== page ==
GARDINER — If the state’s oldest opera house has any secrets left, they will be hard to find.

More than six months into the multimillion dollar project to remake the building in Gardiner’s historic downtown and its 400-plus seat theater, the structure has been stripped to its bones.

The layers of paint, fabric and wood added in prior renovations are being peeled back to expose brick and wood, and new bones — in the form of steel beams and the structure to house the new elevator — are being added to support the next phase in the lifecycle of the former livery stable at 280 Water St.

The stage of the third-floor theater during a tour last Wednesday of Johnson Hall at 280 Water St. in downtown Gardiner. Renovation plans call for the stage to be enlarged. Joe Phelan/Kennebec Journal

“I have given a million tours from right here,” Michael Miclon, Johnson Hall’s executive and artistic director, said last week, standing on the main floor of the building’s upper theater. “I’d say when we get done, there will be a balcony right here and an elevator will go up over there. And now I can actually stand here and go: ‘Holy cow, there’s a balcony over there and an elevator shaft right there.'”

The mind-numbing part of working on a project that has taken nearly a decade to reach this point is all the work and planning required to be able to begin construction.

“I was wondering, ‘Are we ever going to (begin)?’ For the rest of my life, (will I be) saying, ‘We’re going to start construction?’ There it is,” he said, pointing to the new structures.


The plans that resulted from years of work are built on thousands of details that will never be seen once the project is completed: The location of plumbing and electric conduit for restrooms and the sound system, the lights for the upper theater that can only be changed from the roof, the orientation of the grand stairway and the muffling of the elevator’s ding on the balcony level so it does not detract from live performances.

And some of those details surfaced only after demolition began.

Until the building was closed off, the Studio Theater on the ground floor was used for performances and movies. Initially, Miclon said, very little was planned for the ground floor.

Now, in addition to changes to the entry, the Studio Theater is also to receive a bit of a facelift. The ramp at the back of the theater is being taken out because it does not meet access requirements stipulated in the Americans with Disabilities Act. A ramp with a new entrance point into the theater is planned.

Over the years, the building has been used as an opera house, a roller skating rink and a movie theater in the upper theater.

As the layers of its identities have been peeled back, Miclon said, other aspects of the building’s history have been uncovered, including evidence of five fires and water damage. The practice at the time of the fires was to build over the damage, Miclon said, but now that damage, including some under the stage, need be fixed.


‘That was about a $100,000 discovery,” he said, noting the project’s contingency fund has been tapped to pay for it.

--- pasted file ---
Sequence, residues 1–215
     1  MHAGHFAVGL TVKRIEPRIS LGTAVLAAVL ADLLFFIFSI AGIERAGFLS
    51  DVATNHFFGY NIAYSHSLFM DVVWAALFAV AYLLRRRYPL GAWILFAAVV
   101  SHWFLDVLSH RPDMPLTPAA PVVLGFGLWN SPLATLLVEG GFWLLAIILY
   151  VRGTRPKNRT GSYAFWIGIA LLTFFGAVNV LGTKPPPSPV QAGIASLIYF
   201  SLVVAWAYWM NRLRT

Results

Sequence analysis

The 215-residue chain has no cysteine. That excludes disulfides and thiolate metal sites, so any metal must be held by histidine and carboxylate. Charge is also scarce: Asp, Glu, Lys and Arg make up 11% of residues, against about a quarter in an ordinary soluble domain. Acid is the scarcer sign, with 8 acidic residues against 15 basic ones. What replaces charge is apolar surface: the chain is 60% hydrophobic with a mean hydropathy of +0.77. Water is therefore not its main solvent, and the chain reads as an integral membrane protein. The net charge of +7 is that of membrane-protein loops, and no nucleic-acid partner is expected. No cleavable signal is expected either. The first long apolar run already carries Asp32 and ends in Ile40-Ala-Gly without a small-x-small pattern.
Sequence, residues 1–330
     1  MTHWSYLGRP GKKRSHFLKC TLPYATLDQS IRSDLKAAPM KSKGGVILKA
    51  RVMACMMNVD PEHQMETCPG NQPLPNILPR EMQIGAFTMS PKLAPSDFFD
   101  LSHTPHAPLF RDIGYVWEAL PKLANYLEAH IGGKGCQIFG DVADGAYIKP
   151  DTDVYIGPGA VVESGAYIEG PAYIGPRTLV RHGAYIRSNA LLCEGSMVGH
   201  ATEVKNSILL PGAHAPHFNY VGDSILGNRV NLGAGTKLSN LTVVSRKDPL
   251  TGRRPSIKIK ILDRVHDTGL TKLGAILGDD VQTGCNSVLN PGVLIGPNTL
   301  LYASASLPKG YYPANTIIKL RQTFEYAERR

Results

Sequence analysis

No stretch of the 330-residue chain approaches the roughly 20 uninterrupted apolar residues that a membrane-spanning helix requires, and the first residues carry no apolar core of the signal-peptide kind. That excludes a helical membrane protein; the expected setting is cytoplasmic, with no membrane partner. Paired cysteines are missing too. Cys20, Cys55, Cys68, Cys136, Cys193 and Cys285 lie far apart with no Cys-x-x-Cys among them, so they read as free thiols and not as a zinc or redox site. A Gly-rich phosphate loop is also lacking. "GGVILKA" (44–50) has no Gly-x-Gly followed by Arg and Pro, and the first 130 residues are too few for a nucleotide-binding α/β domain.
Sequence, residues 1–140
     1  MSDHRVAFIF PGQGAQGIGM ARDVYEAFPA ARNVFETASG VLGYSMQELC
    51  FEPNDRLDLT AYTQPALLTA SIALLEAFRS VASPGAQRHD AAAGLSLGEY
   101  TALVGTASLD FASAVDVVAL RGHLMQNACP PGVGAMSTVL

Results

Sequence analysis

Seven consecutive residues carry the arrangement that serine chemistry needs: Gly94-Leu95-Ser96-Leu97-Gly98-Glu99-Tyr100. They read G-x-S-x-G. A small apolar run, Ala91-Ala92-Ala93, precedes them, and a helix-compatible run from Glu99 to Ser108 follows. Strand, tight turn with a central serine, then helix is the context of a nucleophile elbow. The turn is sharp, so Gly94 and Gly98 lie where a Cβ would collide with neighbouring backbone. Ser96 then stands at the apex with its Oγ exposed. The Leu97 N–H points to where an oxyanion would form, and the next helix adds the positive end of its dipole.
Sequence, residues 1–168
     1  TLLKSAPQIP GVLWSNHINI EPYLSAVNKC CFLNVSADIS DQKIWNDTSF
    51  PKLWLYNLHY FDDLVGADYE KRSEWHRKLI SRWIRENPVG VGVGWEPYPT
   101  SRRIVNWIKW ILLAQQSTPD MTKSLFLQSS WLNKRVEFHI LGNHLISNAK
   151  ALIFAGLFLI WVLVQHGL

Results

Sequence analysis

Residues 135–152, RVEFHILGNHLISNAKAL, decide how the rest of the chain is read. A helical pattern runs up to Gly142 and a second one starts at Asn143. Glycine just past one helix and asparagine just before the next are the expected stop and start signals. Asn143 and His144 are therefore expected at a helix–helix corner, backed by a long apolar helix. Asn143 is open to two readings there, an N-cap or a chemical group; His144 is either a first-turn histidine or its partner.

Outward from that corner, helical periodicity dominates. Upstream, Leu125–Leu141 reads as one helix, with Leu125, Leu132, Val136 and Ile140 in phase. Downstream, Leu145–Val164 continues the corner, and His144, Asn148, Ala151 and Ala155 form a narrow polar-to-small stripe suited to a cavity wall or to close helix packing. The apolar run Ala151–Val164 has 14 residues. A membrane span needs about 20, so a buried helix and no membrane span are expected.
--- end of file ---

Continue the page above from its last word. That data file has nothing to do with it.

When fundraising for this project began more than six years ago, Miclon and his board were planning a $4.3 million project to be completed in 2019.

Since then, a global COVID-19 pandemic with supply chain breakdowns and ordinary and extraordinary inflation, along with revealing the extent of work required to complete the project, have driven expected projects costs to more than $9 million, all of which has been raised, but there is a little more to go.

Michael Miclon, executive and artistic director of Johnson Hall at 280 Water St., gestures last Wednesday toward the stage from the newly built balcony during a tour of the venue at 280 Water St. in downtown Gardiner. More than six months into a now-$9 million project to remake Maine’s oldest opera house, the building has been stripped to its bones. Joe Phelan/Kennebec Journal

When he first arrived at Johnson Hall in May 2013, Miclon said he was ready to begin construction then and there. Now, he said, the goal is to have a certificate of occupancy no later than Dec. 31, 2023.

But that does not mean the first show at the new theater will be scheduled for January 2024. Miclon said the theater’s staff members will need time to learn the audio systems and figure how more than 400 people will move through the building before, during and after shows.

By that time, Gardiner will be ready to welcome new visitors, Mayor Patricia Hart said, as it does now to annual events.


Gardiner Main Street’s Swine & Stein Brewfest draws as many as 1,200 people to the annual Oktoberfest celebration, and the Johnson Hall Free Waterfront Concert Series at Gardiner’s park on the Kennebec River regularly draws more than 400 people.

The underside of a new balcony, seen from the back of the third-floor theater, during a tour last Wednesday of Johnson Hall at 280 Water St. in downtown Gardiner. Joe Phelan/Kennebec Journal

“On the last concert of the season, we had the concert and the Art Walk and everyone found a place to park,” Hart said, noting the city leases space on Water Street from Gardiner Main Street for additional parking.

In the meantime, Hart said city officials are working closely with Johnson Hall to make sure the construction goes smoothly, and she anticipates that will continue when Johnson Hall reopens.

While there is more than a year to go before work is expected to be completed, Miclon said it is nostalgic to see photographs of the building as it looked when he began working there and thought of how it would look after renovations.

“I’m glad it’s changed, but it was home for nine years,” he said. “Now, it’s fun because there’s so many surprises when I say I didn’t know what it was going to look like. I didn’t know it was going to be like this.”

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